Good management systems are about seeking systemic adoption of the most effective solutions.
Here is a simple example. Years ago, my boss was frustrated because an award was sent to the Director’s office to be signed and the awardee’s name was spelled wrong (the third time an awardee’s name had been spelled wrong in a short period). After the first attempts my boss suggested these be checked and double checked… Which they already were but…
I was assisting with efforts to adopt TQM and the time and when she told me the problem and I asked if the names were in the automated spell checker? They were not. I suggested we add them and use the system (automatic spell checking) designed to check for incorrect spelling to do the job. Shift from first looking to blame the worker to first seeing if there is way to improve the system is a simple but very helpful change to make.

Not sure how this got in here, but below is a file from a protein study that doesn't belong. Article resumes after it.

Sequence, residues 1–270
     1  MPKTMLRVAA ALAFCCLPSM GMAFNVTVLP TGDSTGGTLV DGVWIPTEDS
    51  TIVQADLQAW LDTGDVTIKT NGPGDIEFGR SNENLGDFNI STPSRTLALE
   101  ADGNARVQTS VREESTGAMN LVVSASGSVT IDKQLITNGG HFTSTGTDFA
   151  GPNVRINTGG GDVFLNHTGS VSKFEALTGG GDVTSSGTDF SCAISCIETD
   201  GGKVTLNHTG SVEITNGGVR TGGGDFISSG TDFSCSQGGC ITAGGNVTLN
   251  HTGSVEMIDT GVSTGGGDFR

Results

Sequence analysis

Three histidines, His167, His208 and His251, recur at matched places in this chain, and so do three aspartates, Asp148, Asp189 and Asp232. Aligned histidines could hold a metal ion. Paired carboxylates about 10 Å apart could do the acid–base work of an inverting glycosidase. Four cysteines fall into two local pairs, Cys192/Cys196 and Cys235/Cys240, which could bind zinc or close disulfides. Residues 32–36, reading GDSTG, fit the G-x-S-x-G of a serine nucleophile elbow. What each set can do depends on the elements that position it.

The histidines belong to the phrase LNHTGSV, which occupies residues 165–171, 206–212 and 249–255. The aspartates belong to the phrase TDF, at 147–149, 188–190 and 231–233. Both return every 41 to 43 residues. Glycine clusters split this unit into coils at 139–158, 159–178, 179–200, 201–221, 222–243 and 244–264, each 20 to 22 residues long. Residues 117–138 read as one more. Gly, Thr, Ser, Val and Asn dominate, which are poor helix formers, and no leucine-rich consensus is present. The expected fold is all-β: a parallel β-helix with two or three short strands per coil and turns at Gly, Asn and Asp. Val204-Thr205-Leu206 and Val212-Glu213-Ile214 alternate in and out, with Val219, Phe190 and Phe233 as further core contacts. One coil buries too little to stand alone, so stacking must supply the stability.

This example is simple but it points to a nearly universal truth: if an improvement amounts to telling people to do their job better (pay attention more, don’t be careless, some useless slogan…) that is not likely to be as effective as improving the process.
continue reading: How to Improve